AUSTIN (KXAN) — The spread of the novel coronavirus upended and altered the lives of many people across the country over the course of the past few weeks. While some are finding themselves unexpectedly unemployed, others are at home with children due to closed schools, others are finding themselves more lonely than ever before due to social distancing guidelines, and still others have immediate worries related to their own health or the health of family members.

It’s no wonder that local organizations tell KXAN they are hearing from more people experiencing anxiety or mental health challenges.

KXAN interviewed Karen Ranus, the executive director of NAMI Central Texas (the local member organization for the National Alliance on Mental Illness) about the challenges this time presents when it comes to mental health and what resources people can turn to. NAMI provides education, support and advocacy programs related to mental health for tens of thousands of people in Central Texas.

This is part of a week-long effort at KXAN in which we will be covering stories about maintaining mental wellness during the COVID-19 pandemic as part of our Simple Health Initiative.

“All of us will have an impact on our mental health”

Through a Zoom video chat, Karen Ranus explained that in the past, her organization used to say that one in five people were impacted by a mental health condition in any given year. But the spread of COVID-19 and the accompanying social shifts have changed that, she said.

“I think this is a time and place in which we’re gonna realize that all of us will have an impact on our mental health,” Ranus said. “Some of us, to more of a degree than others, obviously people that were already vulnerable and living with serious mental illness, potentially more than the rest of us.”

As opposed to natural disasters which may bring anxiety and fear to one region, Ranus explained that the coronavirus pandemic is unique in that it is bringing challenges to communities simultaneously across the globe.

Ranus explained that many people may be noticing anxiety, depression, or grief related to the changes in their lives. She offered up an example from her own life: watching the live stream from her church Sunday brought her to tears.

“It just really hit me hard that it’s Holy Week and I love all the rituals and traditions and stuff,” she said, recalling that her husband asked her, “‘are you OK?’ and I was like ‘I’m just grieving, like I’m grieving for this loss of the experiences that are really important to me.'”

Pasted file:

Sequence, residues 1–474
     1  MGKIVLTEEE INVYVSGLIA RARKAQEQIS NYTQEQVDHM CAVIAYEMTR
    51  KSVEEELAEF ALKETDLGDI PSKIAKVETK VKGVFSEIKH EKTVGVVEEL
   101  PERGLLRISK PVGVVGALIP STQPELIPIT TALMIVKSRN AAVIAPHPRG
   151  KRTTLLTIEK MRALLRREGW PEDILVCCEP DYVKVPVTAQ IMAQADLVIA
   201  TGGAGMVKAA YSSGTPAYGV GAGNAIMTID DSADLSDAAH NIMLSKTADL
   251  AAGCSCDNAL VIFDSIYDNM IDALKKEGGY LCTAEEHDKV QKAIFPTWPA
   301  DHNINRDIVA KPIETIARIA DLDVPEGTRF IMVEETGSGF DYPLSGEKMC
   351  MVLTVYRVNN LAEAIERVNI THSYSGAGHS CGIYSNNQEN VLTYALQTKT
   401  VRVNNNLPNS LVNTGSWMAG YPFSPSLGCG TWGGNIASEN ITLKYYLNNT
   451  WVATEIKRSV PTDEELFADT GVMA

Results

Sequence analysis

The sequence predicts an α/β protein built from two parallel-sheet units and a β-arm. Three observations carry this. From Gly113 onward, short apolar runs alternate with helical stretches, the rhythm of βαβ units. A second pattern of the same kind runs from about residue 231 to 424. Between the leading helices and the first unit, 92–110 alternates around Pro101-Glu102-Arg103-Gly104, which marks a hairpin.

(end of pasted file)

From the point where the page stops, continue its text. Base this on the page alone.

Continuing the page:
“I think that’s part of what’s really important right now for all of us, is to name what those things are and to not be embarrassed or ashamed that we are having these feelings,” Ranus said. “Because I think that’s part of what really helps us navigate this in a more healthy way.”

Ranus explained that often where difficulties arise for people related to mental health is when they keep their problems to themselves.

“This is hard and it’s OK to say ‘this is hard'” she explained.

While public officials across the country are encouraging what they call “social distancing” to limit the spread of the virus, Ranus is offering up a new word: “physical distancing.”

She noted that while it’s important to keep the recommended distance from people to prevent infection, neglecting our human, social needs can be problematic for our mental health. Her team at NAMI has been encouraging people to turn to virtual communication: video chats, phone calls, and texts to keep relationships present in our lives. Additionally, they have been advising that people check on people in their lives who may be living alone or maybe especially lonely during this time.

Those who were already isolated or socially disconnected prior to the coronavirus pandemic are likely feeling those things to an even greater degree now, she said.

Ranus explained that many people have been turning to telemedicine to meet with mental health professionals during this time and that she has been hearing about an increasing number of professionals offering virtual therapy as well as insurance companies who are willing to cover it.

Resources at NAMI Central Texas

NAMI Central Texas has shifted in the past couple of weeks to offer more of its services online too. This week, Ranus said, NAMI will be launching its online support groups. Prior to now they’ve been referring people to other online support groups.

Additionally, NAMI is looking to bring its community education efforts online, including a new program called “Families Together” to give people information on living with mental illness or supporting someone who does.

NAMI Central Texas has seen increased interest in its online educational programs. Typically on the fourth Monday of the month, NAMI Central Texas hosts an in-person “Mind Matters” program talking about mental health, which typically 50 people attend. But when those programs were brought online during COVID-19, NAMI Central Texas had 157 people in attendance in their first online “Mind Matters” program.